The New York Times Co., looking to imitate the business models used by startups such as BuzzFeed, is considering letting advertisers sponsor more stories on its website, two people with knowledge of the situation said.
In a series of meetings with senior sales and editorial staff last month, Chairman Arthur Sulzberger and CEO Mark Thompson discussed the idea of offering bigger sponsorship opportunities to advertisers, said the people, who asked not to be named because the talks were private. Outside executives such as BuzzFeed CEO Jonah Peretti were brought in to talk about creating successful "native ads," which often take the form of sponsored stories.
The 161-year-old publisher is seeking new sources of revenue after 10 straight quarters of declining newspaper ad sales. Annual ad revenue has been cut almost in half to $711.8 million last year from $1.27 billion in 2006, before the recession and a proliferation of mobile devices crippled the newspaper industry.
In embracing new sponsorship opportunities, The Times will make it clear when readers are seeing an ad versus a regular story, said Todd Haskell, a VP of advertising at the company. He declined to discuss what presenters shared at the recent meetings or the reaction of Times Co. executives.
"What we're looking at is ways you can use journalistic storytelling techniques in how you could present a narrative for our clients without misleading or confusing the reader," Mr. Haskell said. His staff is constantly considering new ad formats, including custom, advertorial-like content for the Times website, he said.
Part of the strategy is avoiding controversial sponsors. The Atlantic magazine drew criticism earlier this year for a sponsored online post from the Church of Scientology, which carried the headline, "David Miscavige Leads Scientology to Milestone Year." The magazine took down the post and apologized to its readers in a mea culpa that started, "We screwed up."
Already, the New York Times is getting more aggressive with how it uses its home page -- a site that draws about 35 million visitors a month, according to ComScore. A recent ad for carmaker Jaguar overlaid the entire website with a mock news article announcing the arrival of its latest sports car: "Jaguar Unleashes New Cat," the headline read.
The text of the Jaguar story was obscured, distinguishing it from a regular article, and it disappeared after readers pushed the "close" button. An ad for the cereal Grape Nuts used a similar faux-newspaper approach on the Times home page this week.
In another expansion of its advertising boundaries, The Times said this week that it will include sponsored content in its Scoop application, a mobile guide to New York City. Citi Bike, New York's new bicycle-sharing program, contributed a feature to the app that helps users find bike stations.
Adopting BuzzFeed's approach to ads would be a step further.
When Mr. Peretti created BuzzFeed in 2006, he focused on generating stories that were most likely to be shared over social media. The site is a mix of list-based articles, such as "10 Funniest Cat GIFs of the Week," and more serious coverage of politics and business.
BuzzFeed doesn't accept traditional banner ads, which typically have little connection to the articles they appear next to. Instead, its advertisers sponsor features that readers are more likely to share with others.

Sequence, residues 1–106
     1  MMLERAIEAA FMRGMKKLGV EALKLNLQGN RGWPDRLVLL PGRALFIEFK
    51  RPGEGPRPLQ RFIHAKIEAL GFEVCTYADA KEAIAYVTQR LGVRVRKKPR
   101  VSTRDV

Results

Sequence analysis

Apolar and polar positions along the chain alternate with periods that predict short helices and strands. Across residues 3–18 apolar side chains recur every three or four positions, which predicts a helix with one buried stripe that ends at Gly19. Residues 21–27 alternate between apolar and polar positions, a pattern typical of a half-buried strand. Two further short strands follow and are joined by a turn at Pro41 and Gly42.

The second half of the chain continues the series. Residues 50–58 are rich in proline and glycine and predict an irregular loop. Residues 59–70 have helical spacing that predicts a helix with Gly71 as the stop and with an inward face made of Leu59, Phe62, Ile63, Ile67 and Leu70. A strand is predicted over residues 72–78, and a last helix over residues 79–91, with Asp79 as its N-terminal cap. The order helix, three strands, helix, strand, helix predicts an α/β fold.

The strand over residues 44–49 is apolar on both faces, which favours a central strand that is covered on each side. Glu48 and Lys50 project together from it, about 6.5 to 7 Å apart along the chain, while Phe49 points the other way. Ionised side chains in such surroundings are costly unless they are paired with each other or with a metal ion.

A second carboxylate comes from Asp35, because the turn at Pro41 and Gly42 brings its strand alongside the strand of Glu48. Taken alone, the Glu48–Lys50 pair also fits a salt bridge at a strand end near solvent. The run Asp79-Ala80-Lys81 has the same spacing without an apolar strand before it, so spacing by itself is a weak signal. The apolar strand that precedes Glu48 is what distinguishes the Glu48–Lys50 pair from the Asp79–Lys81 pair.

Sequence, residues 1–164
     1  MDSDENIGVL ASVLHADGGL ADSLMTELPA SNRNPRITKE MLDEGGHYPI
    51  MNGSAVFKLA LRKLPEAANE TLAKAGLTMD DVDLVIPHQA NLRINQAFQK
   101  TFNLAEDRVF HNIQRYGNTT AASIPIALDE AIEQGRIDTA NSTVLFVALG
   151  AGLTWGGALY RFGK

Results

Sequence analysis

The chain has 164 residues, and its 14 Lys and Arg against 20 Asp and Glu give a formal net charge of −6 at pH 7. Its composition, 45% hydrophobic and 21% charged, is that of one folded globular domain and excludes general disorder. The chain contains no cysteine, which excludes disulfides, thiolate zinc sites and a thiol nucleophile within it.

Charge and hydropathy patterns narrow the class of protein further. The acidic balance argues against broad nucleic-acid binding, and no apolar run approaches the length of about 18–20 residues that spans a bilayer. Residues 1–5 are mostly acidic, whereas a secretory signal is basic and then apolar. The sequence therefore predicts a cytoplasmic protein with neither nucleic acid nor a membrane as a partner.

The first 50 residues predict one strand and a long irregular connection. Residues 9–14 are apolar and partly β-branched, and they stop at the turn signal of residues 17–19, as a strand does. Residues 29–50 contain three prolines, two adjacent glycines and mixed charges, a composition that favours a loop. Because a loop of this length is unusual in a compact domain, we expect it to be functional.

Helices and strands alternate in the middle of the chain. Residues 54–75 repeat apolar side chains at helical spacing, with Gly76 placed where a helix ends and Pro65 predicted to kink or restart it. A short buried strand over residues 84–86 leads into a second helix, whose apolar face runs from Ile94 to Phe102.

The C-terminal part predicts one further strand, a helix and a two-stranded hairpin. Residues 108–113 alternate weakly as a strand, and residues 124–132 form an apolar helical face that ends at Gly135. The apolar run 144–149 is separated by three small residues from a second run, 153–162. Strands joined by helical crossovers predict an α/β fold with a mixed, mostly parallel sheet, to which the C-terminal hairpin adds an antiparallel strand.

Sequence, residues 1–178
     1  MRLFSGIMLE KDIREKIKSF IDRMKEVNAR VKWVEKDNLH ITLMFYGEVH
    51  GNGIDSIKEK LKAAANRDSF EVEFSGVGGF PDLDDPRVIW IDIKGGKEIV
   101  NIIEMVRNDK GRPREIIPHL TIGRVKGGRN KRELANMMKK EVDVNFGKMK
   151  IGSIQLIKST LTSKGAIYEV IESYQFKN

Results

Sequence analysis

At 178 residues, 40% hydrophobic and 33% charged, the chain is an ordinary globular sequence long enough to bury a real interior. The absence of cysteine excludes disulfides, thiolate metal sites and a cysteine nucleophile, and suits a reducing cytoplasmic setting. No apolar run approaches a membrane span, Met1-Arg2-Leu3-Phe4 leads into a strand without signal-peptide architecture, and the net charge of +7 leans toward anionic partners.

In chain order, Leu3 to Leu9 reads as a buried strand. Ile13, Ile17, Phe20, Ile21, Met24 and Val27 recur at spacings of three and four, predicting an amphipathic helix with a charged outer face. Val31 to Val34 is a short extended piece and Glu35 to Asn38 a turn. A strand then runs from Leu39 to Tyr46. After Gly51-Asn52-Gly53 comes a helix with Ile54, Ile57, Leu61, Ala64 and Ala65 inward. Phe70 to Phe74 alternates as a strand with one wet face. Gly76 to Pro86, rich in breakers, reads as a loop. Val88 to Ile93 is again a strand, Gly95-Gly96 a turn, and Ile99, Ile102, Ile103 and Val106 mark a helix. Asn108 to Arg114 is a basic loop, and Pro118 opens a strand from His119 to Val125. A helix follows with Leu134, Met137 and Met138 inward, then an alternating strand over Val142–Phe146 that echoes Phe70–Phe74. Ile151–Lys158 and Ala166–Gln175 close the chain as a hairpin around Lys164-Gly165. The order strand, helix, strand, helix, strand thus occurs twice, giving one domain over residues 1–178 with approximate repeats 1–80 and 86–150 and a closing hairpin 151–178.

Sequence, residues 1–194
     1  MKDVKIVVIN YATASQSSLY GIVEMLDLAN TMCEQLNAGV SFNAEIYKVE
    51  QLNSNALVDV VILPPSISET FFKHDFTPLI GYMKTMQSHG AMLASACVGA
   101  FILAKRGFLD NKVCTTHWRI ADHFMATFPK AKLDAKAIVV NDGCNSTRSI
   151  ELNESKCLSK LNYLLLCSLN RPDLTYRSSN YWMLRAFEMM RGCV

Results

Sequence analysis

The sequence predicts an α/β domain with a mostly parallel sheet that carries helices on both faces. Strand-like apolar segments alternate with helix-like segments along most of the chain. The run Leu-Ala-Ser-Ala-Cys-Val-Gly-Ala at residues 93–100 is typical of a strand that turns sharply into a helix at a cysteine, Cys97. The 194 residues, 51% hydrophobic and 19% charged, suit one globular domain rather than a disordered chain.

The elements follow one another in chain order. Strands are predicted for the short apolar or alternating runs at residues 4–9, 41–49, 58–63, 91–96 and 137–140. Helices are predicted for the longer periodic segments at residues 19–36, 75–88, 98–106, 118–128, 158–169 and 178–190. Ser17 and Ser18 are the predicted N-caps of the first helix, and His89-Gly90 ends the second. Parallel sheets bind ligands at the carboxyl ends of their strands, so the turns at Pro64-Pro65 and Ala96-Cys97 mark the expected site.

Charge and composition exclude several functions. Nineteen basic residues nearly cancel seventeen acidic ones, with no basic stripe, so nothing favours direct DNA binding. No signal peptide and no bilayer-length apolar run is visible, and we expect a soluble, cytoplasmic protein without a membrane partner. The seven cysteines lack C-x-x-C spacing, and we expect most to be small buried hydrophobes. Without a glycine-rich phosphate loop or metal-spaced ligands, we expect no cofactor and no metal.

Zipcar, for instance, underwrote a story called "11 Annoying City Living Problems," a feature designed to appeal to its urban demographic.
The Fox broadcast network, meanwhile, sponsored "20 Hot And Steamy Pieces Of Pizza Porn," a list of animated graphics of pizza. The item promoted a new slate of animated shows premiering on the TV network in July. While the stories are labeled with their sponsors' names, they don't differ in tone or presentation from the other articles on BuzzFeed.
Mr. Peretti declined to comment on his presentation to the New York Times.
The Times' website still depends on banner ads, which haven't helped the company pull out of a sales slump. Online ad revenue fell 4% in the most recent quarter, the company said last month. Another reason for the decline is the prevalence of ad-buying trading desks, which have put pressure on prices by turning ad space into a commodity market.
"Competition is increasing in the online ad world, and it's important for The Times to explore and innovate with new types of advertising units," said William Bird, an analyst at Lazard Capital Markets.
Times Brand Values
The Times has tested a number of online initiatives in recent years, including corporate sponsorships of special sections, such as a site devoted to New York Fashion Week.
Still, a large part of The Times' value comes from its vaunted reputation, so it's risky to experiment with models that blur the lines of journalism, said William Grueskin, dean of academic affairs for Columbia University's journalism school.
"I can see why an organization like the New York Times -- where the brand is so core to its value -- why they'd be wary about something like this," he said, referring to the move toward sponsored content.
The New York Times advertising discussion follows an effort to refocus the company on its main brand. In February, the publisher announced it would sell The Boston Globe and related newspapers. The company has already sold its About.com website and its regional-newspaper business over the past year and a half. It's also rebranding its International Herald Tribune newspaper as The International New York Times.
"If the Times gets their ad dollars back, it'll have to be under an entirely different ad structure than they had in the past," Mr. Grueskin said. "The broader issue at the Times is they don't have any hedge -- the entire business is built around The Times brand. That's everything."
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